ANC supporters outside the Port Elizabeth Magistrate's Court on Friday for the appearance of councillor Andile Lungisa. PHOTO: Raahil Sain/ANA

Port Elizabeth - "I am not a violent person," convicted African National Congress (ANC) councillor Andile Lungisa told his supporters gathered outside the Port Elizabeth Magistrate's Court on Friday, shortly after he was released on bail pending a petition against his conviction and sentence to the Grahamstown High Court.

Lungisa's release comes 16 days after he started serving his two-year sentence after he was was found guilty of intentionally smashing a glass jug over the head of former mayoral committee member for transport, Rano Kayser, during a chaotic 2016 Nelson Mandela Bay council meeting.

Lungisa was granted R10 000 bail pending a petition to the Grahamstown High Court. Lungisa's lawyers are petitioning the Judge President of the Eastern Cape after Magistrate Mornay Cannon dismissed an application for leave to appeal his conviction and sentence. Only if the petition is granted, will Lungisa be able to have another court re-look at his conviction and sentence in the hope that it may be overturned. 

Andile Lungisa’s brother Ayongezwa says Magistrate Morne Cannon’s suggestion that Andile received special treatment at prison is “farfetched”. VIDEO: Raahil Sain/ANA

His brother Ayongezwa told reporters that the family would be footing the legal bill. "There is nothing we won't do for Andile as a family. When we grew up, he would have done anything for us. My mother never thought I could go to varsity, it was all through him." 

Ayongezwa said the family would sell any assets they have to make sure Lungisa was represented. He also said that the family welcomed any form of assistance in the form of donations towards Lungisa's legal bill. 

Last month, Lungisa was found guilty of intentionally smashing a glass jug over Kayser's head. Evidence presented before court included a video taken by Democratic Alliance (DA) councillor Renaldo Gouws, which showed how Lungisa slammed the jug over Kayser’s head, before he fled and how Kayser fell backwards and landed on the floor. 

Cannon found that the video evidence showed that there was no reason for Lungisa to hit Kayser, thereby dismissing Lungisa’s self-defence claim. 

Nelson Mandela Bay ANC councillor Andile Lungisa. FILE PHOTO: ANA

In his petition papers, Lungisa claimed that he acted with negligence which was insufficient for the court to convict him on a charge of assault with intent to cause grievous bodily harm. Lungisa argued that he should have been acquitted on the basis of his subjective belief that he acted in defence, papers cite. 

"All of us were never violent. We were never going to be violent today and we are not going to be violent tomorrow. Everyone who attended the council meeting in Nelson Mandela Bay metro knows that Andile Lungisa was standing and he was attacked by three councillors from the DA. They had no authority from moving from their own chairs to go and attack Andile Lungisa," he told supporters on Friday.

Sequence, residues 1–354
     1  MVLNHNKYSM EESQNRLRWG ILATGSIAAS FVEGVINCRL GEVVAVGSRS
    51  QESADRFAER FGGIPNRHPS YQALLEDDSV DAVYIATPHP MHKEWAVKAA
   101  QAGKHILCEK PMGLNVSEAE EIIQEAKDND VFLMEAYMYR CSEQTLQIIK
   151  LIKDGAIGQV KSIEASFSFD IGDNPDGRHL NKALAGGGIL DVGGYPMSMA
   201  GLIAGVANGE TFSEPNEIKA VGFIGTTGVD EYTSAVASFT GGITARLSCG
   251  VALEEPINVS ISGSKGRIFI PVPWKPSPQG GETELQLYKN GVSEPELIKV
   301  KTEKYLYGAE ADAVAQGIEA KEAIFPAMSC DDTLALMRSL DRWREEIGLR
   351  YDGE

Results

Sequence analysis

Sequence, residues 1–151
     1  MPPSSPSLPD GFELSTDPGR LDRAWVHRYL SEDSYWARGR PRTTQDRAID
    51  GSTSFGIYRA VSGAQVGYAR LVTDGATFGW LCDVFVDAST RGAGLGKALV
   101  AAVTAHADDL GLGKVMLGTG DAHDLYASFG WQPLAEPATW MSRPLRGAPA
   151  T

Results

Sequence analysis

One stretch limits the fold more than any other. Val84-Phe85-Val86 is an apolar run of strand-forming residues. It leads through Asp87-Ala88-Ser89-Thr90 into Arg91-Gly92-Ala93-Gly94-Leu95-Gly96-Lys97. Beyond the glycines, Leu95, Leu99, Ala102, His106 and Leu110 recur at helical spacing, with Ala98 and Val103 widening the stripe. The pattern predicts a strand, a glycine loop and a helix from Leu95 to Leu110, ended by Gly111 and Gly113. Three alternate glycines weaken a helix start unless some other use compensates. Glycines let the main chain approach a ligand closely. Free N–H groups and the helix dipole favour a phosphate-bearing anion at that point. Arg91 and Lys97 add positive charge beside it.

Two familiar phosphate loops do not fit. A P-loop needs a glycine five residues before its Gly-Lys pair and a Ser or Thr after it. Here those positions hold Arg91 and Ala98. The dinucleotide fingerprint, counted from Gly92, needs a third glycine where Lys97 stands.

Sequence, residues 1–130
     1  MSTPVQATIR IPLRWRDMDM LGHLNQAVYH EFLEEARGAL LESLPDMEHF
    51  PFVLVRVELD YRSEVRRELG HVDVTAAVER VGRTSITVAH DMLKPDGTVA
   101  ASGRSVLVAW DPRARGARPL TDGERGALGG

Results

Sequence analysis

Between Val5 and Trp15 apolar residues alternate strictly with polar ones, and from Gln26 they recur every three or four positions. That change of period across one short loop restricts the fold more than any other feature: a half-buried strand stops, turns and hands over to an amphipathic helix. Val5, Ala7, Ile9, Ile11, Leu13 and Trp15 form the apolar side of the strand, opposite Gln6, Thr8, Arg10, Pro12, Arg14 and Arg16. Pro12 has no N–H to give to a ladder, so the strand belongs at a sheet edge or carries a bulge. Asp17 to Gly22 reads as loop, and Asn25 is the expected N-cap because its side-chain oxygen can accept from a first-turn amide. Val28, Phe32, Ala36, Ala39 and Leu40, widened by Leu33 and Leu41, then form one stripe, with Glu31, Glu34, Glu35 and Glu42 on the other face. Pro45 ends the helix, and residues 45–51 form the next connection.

Lungisa said that he respected the judiciary but the judiciary needed to be fair. 

Cannon who granted Lungisa bail on Friday criticised the defence legal team for the way in which the bail application was initially brought late on Thursday, with both the court and prosecution receiving documents at the last minute.

Cannon said Lungisa appeared to have received special treatment by the Department of Correctional Services who seemed to have "flouted their own rules" by transporting him from the North End Prison to the Port Elizabeth Magistrate’s Court at very late hours in the afternoon on Thursday. 

“The impression given was that the accused was given special treatment,” said Cannon. 

ANC supporters outside the Port Elizabeth Magistrate's Court on Friday for the appearance of councillor Andile Lungisa. VIDEO: Raahil Sain/ANA

Senior Public Prosecutor Clive Kilian earlier also expressed unhappiness and said it was unacceptable how the bail application was brought. The State, however, did not oppose bail. 

Lungisa’s brother Ayongezwa said Cannon’s comments about special treatment were unfortunate and not true. “Even when we went to see him [at prison] there was never an incident where we were allowed to see him when we were not supposed to. We never brought food. He said to us 'don’t bring me food, I will eat what is available here and sleep on the blankets here'. 

“I don’t know on what basis of allusion he received special treatment. Andile is a special person, he would have intimidated the judge. Those comments were out of a self-inferiority complex,” he said. 

Lungisa was released after Cannon found that it was unlikely that he would abscond. He was ordered to report to the Kabega Park police station twice a week. In addition, Lungisa is to report to the clerk of the court if his petition was granted or leave to appeal his conviction and sentence was successful. 

African News Agency/ANA